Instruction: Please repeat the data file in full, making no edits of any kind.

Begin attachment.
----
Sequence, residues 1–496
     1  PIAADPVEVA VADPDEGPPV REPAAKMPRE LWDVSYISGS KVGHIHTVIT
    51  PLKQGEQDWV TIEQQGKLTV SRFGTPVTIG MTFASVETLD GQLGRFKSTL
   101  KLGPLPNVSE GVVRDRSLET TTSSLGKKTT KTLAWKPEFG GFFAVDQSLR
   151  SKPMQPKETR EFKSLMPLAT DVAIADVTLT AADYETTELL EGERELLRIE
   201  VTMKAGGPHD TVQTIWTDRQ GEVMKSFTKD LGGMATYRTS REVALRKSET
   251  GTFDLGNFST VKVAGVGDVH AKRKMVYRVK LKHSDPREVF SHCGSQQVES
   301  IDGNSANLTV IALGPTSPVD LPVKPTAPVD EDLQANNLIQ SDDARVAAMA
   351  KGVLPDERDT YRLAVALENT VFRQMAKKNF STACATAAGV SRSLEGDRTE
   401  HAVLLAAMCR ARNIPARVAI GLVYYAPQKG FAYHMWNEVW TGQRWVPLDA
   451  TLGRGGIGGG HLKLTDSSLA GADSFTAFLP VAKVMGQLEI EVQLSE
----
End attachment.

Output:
Sequence, residues 1–496
     1  PIAADPVEVA VADPDEGPPV REPAAKMPRE LWDVSYISGS KVGHIHTVIT
    51  PLKQGEQDWV TIEQQGKLTV SRFGTPVTIG MTFASVETLD GQLGRFKSTL
   101  KLGPLPNVSE GVVRDRSLET TTSSLGKKTT KTLAWKPEFG GFFAVDQSLR
   151  SKPMQPKETR EFKSLMPLAT DVAIADVTLT AADYETTELL EGERELLRIE
   201  VTMKAGGPHD TVQTIWTDRQ GEVMKSFTKD LGGMATYRTS REVALRKSET
   251  GTFDLGNFST VKVAGVGDVH AKRKMVYRVK LKHSDPREVF SHCGSQQVES
   301  IDGNSANLTV IALGPTSPVD LPVKPTAPVD EDLQANNLIQ SDDARVAAMA
   351  KGVLPDERDT YRLAVALENT VFRQMAKKNF STACATAAGV SRSLEGDRTE
   401  HAVLLAAMCR ARNIPARVAI GLVYYAPQKG FAYHMWNEVW TGQRWVPLDA
   451  TLGRGGIGGG HLKLTDSSLA GADSFTAFLP VAKVMGQLEI EVQLSE